For those working in the community college or even the access university field, take a minute to download the impressive recently released joint statement: Core Principles for Transforming Remediation within a Comprehensive Student Success Strategy.
It’s impressive not only because it provides useful and compelling student success strategy direction, but also because of the array of groups that participated in developing and promoting it, including: Achieving the Dream, American Association of Community Colleges, Complete College America, Education Commission of the States, and Jobs for the Future. Take the time to read it through. The Six Core Principles will catalyze important conversations and hopefully inspire good work in student success innovation.
Here’s a look at the six core principles they’re advancing:
In the full report they also call for greater collaboration with K-12, Workforce Partners, and Adult Basic Education Providers. The authors also point to the need for community college and university pathway alignment, particularly with content innovation that might impact transfer relationships. And finally, they end with a call for innovating at scale, not making this another excuse to create yet another student-success pilot program.
Key Take Aways on Analytics and the Core Principles
For those leading the charge to make the most of advanced analytics to help students succeed, there are two key take aways from this report. Principle six specifically calls for institutions to leverage data and analytics tools to help students stay on track and provide comprehensive progression data. We couldn’t agree more—especially when it comes to getting data directly to the front lines. Indeed, this is the driving philosophy behind our Degree Map
, Inspire for Advisors
, and Inspire for Faculty
apps. They were built to bring the best of data science and design thinking to bear to help faculty, advisors, and students chart the course to completion. Far too often the student progression data conversation stays in administrative, accreditation, board, or legislative arenas. We have to develop a bias toward getting good data in compelling ways to the front lines if we are going to move the needle on student success—what we like to call the democratization of data.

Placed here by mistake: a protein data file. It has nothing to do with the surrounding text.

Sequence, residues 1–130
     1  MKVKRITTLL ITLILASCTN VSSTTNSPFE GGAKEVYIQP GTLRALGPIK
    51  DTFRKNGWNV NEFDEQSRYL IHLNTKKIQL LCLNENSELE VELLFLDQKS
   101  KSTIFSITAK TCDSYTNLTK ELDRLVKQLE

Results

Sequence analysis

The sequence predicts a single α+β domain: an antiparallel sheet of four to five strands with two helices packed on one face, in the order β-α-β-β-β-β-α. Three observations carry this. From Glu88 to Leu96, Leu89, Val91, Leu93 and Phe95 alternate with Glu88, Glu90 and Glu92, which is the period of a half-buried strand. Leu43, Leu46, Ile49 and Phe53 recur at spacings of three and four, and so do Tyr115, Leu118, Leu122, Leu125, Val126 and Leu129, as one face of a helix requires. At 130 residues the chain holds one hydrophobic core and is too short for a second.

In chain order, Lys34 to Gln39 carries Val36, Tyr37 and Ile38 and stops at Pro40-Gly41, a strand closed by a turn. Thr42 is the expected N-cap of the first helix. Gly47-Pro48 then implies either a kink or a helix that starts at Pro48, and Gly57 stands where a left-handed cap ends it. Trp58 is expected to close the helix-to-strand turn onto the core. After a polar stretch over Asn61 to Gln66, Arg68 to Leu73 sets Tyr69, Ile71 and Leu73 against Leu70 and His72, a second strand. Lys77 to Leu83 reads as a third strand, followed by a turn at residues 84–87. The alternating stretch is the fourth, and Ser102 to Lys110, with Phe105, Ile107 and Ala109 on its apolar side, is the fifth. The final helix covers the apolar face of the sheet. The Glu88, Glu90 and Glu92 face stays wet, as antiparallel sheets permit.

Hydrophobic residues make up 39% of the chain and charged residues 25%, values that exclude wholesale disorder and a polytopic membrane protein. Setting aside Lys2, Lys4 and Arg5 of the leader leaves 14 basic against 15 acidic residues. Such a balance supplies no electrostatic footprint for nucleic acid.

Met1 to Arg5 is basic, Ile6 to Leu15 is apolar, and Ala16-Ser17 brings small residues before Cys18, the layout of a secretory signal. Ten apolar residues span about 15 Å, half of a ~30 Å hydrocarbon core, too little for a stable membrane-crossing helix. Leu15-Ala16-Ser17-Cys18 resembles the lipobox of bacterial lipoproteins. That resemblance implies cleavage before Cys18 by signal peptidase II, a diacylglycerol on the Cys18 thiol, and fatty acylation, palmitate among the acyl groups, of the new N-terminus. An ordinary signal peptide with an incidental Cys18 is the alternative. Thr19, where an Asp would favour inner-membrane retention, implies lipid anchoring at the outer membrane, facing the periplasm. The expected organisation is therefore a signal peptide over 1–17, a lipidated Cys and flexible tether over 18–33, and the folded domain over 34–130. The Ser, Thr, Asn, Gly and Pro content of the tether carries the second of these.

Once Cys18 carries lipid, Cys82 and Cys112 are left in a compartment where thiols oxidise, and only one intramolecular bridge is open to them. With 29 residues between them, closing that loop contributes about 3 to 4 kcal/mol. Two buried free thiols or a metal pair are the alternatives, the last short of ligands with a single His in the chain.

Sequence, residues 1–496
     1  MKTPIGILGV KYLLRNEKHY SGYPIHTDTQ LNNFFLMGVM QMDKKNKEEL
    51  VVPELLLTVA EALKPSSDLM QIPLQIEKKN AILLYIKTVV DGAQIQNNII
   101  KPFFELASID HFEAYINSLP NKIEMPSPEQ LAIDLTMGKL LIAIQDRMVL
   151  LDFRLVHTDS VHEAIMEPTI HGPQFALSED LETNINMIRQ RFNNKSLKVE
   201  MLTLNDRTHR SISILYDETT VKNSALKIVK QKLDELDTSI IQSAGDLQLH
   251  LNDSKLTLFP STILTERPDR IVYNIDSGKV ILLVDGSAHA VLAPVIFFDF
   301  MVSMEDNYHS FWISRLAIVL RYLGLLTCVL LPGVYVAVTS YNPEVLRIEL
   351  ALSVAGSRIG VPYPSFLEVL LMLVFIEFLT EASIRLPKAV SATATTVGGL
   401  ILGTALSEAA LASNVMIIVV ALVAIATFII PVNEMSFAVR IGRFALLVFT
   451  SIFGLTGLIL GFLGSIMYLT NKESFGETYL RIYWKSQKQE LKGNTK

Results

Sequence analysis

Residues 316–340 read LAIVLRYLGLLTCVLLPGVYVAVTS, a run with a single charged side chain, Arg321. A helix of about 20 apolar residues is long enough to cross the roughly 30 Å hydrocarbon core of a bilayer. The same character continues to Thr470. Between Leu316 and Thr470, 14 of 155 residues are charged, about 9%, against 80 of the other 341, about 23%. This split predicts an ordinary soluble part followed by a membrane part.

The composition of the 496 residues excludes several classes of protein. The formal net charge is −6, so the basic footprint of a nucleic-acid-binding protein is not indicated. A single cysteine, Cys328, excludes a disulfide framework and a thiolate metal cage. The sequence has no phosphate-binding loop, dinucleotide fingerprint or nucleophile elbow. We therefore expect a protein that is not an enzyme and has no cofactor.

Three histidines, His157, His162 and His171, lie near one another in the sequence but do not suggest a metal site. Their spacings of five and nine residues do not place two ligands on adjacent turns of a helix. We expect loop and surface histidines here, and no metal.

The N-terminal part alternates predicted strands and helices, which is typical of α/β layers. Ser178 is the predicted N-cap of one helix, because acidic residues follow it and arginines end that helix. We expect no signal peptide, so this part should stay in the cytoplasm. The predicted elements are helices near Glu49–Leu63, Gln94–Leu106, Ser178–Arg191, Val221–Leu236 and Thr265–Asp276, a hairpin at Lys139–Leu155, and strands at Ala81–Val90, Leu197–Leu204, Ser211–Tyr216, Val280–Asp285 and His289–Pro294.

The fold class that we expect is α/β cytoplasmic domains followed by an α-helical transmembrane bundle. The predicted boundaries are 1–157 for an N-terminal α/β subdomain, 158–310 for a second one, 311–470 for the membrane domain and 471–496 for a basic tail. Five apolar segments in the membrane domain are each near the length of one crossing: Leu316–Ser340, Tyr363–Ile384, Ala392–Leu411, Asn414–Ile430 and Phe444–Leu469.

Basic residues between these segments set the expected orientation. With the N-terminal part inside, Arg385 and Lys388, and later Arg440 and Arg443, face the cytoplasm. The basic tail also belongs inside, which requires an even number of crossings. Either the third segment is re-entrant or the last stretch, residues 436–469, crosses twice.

The second take away relates to the need to innovate at scale. The report writers rightly argue that approaching today’s student learning and completion challenges with random acts of innovation or subscale pilots is not the path forward. However, to make the most of the important, informative, and insightful recommendations provided by this report, our work over the last two years with institutions large and small innovating around student success suggests that leaders are going to need to turn the DIAL—optimize data
to maximize insight
to inform action
and continue learning
—if they are to scale and optimize the impact of these suggestions.
Institutions have a wealth of data about students and their progression through programs. However, it’s usually in silos. Even if it’s brought together in data warehouses, its sub optimized for the kind of analysis needed to try, test, and tune at-scale innovative programs. If you can bring data together from Student Information Systems (SIS, e.g., Banner, PeopleSoft, Jenzibar), Learning Management Systems (LMS, e.g., Canvas, Blackboard, D2L), Customer Relationship Management tools (e.g., EAB, Salesforce, Hobsons/Starfish), and other sources (e.g., tutoring centers, card swipe, surveys), you can begin to consolidate a variety of important variables from various sources; in addition, you can create and test feature variables—variables that are calculated by the combinations of data points—that end up driving a much clearer and more predictive view of our students’ journeys through our institutions. Moreover, our data scientists created a patent-pending technique that leverages student-data availability and performance clustering so you don’t leave out data from your predictive models just because not all students have them. In short, pulling data together from different sources and optimizing it for analysis matters in a big way, especially if you want to build predictive insight into intake, persistence, and completion at the individual and active-student levels. Finally, in partnership with institutions, we’ve learned you can leverage the cloud to create a production-quality optimized data layer that allows you to turn the DIAL without investing millions in hardware, software, and programmers/analysts.
Once the data are staged and the intake, persistence, and completion predictive models built, you can leverage insight applications to “turn the lights on” and get a sense of what’s happening in your institution. Reports like the Six Core Principles are powerful tools to learn from the data and research work of others; however, it’s important to explore these trends and dynamics in your own contexts. As noted in the book Faster, Higher, Stronger
, the best of elite athletes learn that sage advice from nutritionists, trainers, and coaches has to be balanced against the “N of 1” testing, which means you need to make sure it works for you and in your context. They would say that expert advice is directional and important, but must always be tested—as anyone who’s tried a diet that didn’t work for them can attest. To do this insight work, you’ll want to leverage the data to both test hypotheses and to let the machine learning expose relationships that might not have been expected. For example, when using our Illume